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Love-Child of Cassandra and Sisyphus1/31/2019 2:51:20 am PST

Yesterday’s big science news was the publishing of a couple of papers in Nature, in regards to Denisova cave:

Timing of archaic hominin occupation of Denisova Cave in southern Siberia

Age estimates for hominin fossils and the onset of the Upper Palaeolithic at Denisova Cave

Nature also included a summary article:

Ancient-human species mingled in Siberia’s hottest property for 300,000 years

Neanderthals and Denisovans might have lived side by side for tens of thousands of years, scientists report in two papers in Nature1,2.

The long-awaited studies are based on the analysis of bones, artefacts and sediments from Denisova Cave in southern Siberia, which is dotted with ancient-human remains. They provide the first detailed history of the site’s 300,000-year occupation by different groups of ancient humans.


The researchers cannot find out precisely when the groups lived together, or whether they ever shared the cave. But the existence of the hybrid individual — who lived around 100,000 years ago — means that the groups must have lived close enough to each other to meet at that time. Furthermore, Denny’s father harboured a sliver of Neanderthal ancestry, suggesting that his ancestors had previously interbred with Neanderthals.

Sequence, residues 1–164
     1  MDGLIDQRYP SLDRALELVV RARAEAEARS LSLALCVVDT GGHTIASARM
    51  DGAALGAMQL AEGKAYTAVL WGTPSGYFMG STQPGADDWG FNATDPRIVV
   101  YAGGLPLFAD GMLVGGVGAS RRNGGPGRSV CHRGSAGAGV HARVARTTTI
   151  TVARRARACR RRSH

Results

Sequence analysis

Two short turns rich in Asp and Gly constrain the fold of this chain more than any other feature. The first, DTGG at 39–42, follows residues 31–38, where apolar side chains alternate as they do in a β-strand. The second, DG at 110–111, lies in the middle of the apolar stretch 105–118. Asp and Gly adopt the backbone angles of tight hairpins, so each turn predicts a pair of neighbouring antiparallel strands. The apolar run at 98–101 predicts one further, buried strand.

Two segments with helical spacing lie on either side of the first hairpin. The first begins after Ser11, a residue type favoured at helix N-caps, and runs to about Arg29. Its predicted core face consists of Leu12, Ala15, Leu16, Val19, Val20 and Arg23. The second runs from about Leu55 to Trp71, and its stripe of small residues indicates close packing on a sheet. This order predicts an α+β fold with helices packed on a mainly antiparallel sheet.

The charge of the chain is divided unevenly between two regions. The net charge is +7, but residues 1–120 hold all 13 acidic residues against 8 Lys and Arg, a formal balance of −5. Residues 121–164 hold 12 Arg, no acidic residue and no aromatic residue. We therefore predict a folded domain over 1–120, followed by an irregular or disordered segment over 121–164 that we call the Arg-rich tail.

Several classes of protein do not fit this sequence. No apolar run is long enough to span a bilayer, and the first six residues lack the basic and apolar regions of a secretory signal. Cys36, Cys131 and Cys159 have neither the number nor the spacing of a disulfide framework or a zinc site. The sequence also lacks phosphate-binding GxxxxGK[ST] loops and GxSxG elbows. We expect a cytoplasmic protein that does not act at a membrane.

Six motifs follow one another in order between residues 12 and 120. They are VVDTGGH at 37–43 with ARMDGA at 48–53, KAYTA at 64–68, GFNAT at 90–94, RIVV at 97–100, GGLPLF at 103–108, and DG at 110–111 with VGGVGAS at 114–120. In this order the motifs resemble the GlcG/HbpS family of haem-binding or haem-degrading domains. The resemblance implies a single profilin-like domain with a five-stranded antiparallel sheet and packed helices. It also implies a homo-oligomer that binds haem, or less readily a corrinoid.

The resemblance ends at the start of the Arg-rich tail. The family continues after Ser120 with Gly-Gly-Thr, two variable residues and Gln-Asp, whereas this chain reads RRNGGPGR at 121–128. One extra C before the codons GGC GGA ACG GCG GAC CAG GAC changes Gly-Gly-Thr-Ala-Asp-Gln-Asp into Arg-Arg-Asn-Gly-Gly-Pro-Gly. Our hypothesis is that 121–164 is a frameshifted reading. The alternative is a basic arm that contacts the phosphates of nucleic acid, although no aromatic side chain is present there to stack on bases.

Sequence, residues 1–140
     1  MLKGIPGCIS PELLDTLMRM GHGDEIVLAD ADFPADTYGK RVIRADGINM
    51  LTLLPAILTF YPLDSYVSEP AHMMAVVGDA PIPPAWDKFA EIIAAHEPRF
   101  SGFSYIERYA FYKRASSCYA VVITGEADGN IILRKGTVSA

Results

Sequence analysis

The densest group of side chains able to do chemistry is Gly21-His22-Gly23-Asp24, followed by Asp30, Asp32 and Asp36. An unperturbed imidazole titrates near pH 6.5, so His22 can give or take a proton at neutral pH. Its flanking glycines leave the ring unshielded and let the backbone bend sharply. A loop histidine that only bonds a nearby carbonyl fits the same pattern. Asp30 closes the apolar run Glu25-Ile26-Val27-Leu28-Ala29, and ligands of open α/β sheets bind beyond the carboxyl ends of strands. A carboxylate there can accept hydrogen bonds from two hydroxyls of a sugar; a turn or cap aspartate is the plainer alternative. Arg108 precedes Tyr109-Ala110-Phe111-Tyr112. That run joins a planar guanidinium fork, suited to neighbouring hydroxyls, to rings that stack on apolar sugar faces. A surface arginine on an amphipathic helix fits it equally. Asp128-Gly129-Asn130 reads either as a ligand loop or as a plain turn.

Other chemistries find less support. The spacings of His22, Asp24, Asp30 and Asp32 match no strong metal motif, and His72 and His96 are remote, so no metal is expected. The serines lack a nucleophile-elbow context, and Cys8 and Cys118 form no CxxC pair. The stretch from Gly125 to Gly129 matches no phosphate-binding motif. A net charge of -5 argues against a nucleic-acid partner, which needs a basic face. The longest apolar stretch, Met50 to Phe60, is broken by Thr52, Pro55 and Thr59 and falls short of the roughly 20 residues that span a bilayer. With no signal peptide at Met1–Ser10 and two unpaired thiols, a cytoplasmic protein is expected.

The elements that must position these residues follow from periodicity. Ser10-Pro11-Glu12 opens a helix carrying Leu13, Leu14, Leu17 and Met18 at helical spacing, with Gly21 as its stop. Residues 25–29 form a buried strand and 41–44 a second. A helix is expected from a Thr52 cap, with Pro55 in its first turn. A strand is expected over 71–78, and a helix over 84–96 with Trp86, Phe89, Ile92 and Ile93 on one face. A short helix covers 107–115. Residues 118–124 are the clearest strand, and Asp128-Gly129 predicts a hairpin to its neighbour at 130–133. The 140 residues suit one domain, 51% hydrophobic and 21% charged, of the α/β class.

Homo sapiens might also have lived in the cave, the researchers suggest. Bone pendants and tools — similar to those made by early modern humans in Europe — from the cave’s younger layers date to between 49,000 and 43,000 years old, reports a team led by archaeologists Katerina Douka at the Max Planck Institute for the Science of Human History in Jena, Germany, and Tom Higham at the University of Oxford, UK, in the second Nature paper2.

The researchers dated one hominin bone to around 46,000-50,000 years ago, but could not retrieve any DNA to investigate which species it belonged to.

No other H. sapiens remains from this period, known as the Initial Upper Palaeolithic, have been found in Denisova cave or the wider Altai region. For this reason, the Russian archaeologists who spearhead the site’s excavation have argued that Denisovans made the artefacts, which are more sophisticated than the site’s older stone tools. But Higham would like to see more proof before linking the artefacts to any group. “It’s possible Denisovans could have made the Upper Palaeolithic. It’s possible the Russians are right. At the moment, with the evidence we have, we can’t really be sure,” he says.


Some of the artifacts appear to be jewelry. The CNN article has an image:

This cave sheltered some of the first known humans 300,000 years ago

Whether or not it was the Denisovans who made the artefacts will be debated until hard evidence can be found of H. sapien occupying the cave at an early date.